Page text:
211 34 Malmö
Sweden+46 735 124 email@example.com
Horsens new digital platform saves the municipality for 1.8 million DKK per year but also ensures a more easily accessible site.
Horsens Municipality is a thriving cultural center in Denmark and home to 90,279 residents. A lot of new citizens are moving to Horsens - this is due to a successful digital branding strategy that positions Horsens as a municipality with an extraordinary cultural life, strong identity and good living conditions.
The municipal government of Horsens wants to serve citizens and visitors with an informative and useful website. But after 12 years of incremental development, the site had bloated to more than 3,500 pages that took 70 content editors to maintain. Users got lost in the site unable to get their needs fulfilled, which resulted in high pressure on the municipalities other communication channels. Horsens needed to rethink their digital platform focusing on what their users need and not on all the stuff they as a municipality want to say. They needed a lighter, more user friendly and simple website with focus on excellent digital service and usability. “We might not sell cars or shampoo, but we ‘sell’ services, and the more we can get people to find and use those services, the better use we make of taxpayer money.” Jesper Kristen Bøje, Webmaster for Horsens.
Horsens has relied on Sitecore since 2006. For this new project, we upgraded to Sitecore® Experience PlatformTM (XP 9) and became the first Danish municipality to run on Microsoft Azure Platform as a Service (PaaS). The solution is scalable, provides load balancing, and streamlines integration to content delivery networks. We supported their personalization strategy with Sitecore’s Geo-IP features serving up different content based on from where you visit the site - either inside the municipality or outside. We used Sitecore’s Helix design principles and conventions to prepare the site for cost-efficient implementation and maintenance. “We talked to three different vendors, and Kruso had the best 360-degree view on the project,” Bøje said. “They understood and could deliver on our vision for a modern public website.” The new site features personalized content, clear navigation, and approximately 80 self-service options.
The previous information architecture made navigation confusing, so Horsens decreased the number of pages by 90%, from 3,500 to 400 clear and purposeful ones. An optimized search function brings the most visited pages forward, making them easy to find. “The information architecture has switched from how the municipality is organized to one that puts the visitor in the center,” Bøje said. “The page content is shorter and to the point.” This site serves users better resulting in significant cost savings on service employees and editors. Horsens reduced 70 content editors to nine, an 87% decline that freed 990 hours of staff time annually for high-value citizen services. “They can do what they are hired for, their core competencies,” Bøje said. Every time someone uses digital self-service instead of contacting a municipal employee, Horsens saves money. More than half of users surveyed said the information they found on the site was sufficient to cover their needs without further interaction. Increasing "conversions" are saving Horsens $270,000 annually.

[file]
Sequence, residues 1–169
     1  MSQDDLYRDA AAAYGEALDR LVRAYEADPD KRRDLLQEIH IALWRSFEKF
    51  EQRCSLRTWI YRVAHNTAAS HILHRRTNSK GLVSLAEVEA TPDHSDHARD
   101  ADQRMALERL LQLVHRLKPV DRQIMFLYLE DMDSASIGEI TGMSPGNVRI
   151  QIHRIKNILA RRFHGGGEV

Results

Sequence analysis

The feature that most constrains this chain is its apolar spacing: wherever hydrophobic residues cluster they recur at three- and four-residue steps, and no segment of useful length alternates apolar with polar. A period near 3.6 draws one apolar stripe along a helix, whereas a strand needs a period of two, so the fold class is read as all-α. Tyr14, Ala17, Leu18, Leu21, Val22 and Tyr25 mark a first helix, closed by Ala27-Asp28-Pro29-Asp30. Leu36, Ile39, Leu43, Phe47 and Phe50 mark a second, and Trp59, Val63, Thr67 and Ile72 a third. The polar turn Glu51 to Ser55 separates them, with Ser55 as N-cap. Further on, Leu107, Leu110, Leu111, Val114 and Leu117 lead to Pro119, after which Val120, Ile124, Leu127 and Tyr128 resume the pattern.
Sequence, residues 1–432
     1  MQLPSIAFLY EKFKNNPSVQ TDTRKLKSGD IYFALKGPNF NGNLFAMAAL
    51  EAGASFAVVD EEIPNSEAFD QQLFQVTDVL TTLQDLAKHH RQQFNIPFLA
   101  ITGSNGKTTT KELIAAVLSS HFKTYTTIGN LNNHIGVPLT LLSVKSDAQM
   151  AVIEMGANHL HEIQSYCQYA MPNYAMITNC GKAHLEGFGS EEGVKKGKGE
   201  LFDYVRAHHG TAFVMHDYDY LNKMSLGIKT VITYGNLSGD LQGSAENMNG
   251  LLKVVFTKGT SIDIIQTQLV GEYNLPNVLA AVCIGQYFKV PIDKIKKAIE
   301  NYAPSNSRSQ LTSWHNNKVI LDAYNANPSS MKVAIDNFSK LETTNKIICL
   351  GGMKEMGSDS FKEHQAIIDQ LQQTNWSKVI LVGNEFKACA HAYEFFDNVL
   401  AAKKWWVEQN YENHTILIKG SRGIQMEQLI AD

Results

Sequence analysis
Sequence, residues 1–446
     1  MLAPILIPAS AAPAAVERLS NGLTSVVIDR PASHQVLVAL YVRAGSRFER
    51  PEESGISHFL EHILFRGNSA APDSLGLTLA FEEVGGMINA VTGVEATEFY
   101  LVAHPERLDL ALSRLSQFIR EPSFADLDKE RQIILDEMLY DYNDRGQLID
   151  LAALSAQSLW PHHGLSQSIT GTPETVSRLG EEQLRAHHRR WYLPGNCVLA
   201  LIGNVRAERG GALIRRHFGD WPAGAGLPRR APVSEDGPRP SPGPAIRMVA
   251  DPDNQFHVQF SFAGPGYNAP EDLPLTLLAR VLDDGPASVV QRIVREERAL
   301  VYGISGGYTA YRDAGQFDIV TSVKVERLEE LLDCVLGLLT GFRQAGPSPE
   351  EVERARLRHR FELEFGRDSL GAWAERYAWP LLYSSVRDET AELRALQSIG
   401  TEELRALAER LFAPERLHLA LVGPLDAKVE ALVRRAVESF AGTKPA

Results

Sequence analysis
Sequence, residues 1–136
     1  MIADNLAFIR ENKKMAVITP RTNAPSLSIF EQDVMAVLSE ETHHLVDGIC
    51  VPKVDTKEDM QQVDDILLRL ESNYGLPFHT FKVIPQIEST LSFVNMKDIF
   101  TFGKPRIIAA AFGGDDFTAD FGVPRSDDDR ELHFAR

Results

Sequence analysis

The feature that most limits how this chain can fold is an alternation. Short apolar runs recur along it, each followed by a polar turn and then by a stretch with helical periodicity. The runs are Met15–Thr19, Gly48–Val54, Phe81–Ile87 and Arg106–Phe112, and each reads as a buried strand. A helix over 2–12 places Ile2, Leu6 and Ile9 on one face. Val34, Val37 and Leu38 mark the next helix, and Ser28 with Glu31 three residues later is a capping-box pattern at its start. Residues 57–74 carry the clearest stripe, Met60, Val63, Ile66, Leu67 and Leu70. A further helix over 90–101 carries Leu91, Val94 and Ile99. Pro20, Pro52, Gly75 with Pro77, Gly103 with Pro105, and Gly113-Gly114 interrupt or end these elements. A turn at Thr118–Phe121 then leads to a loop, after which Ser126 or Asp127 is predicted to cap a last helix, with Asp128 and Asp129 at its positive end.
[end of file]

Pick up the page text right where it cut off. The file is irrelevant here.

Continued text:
Horsens continues to deploy additional websites — for museums, the harbor, and cultural activities — into the new, multi-site platform. Approximately 70 sites will consolidate into 35 sites on the new Sitecore platform. With the framework established, Horsens can create new project and departmental websites without incurring extra costs. The municipality’s branding is clearer to residents and international visitors alike. Horsens plans to further refine its personalization capabilities, tracking a user’s journey to show more relevant content. “If you have tried to find information about kindergartens, you might want easy access to find public playgrounds in the area,” Bøje said. Today, the organization sees the benefits of having a much more streamlined and consistent website. With success now firmly established, other municipalities are looking to Horsens as a model. “You can cut out between 80%-90% of your content, and then the content you end up having is actually more accessible, and visitors can find the information they’re looking for,” Bøje said.
It is important for government websites to focus on consumer needs.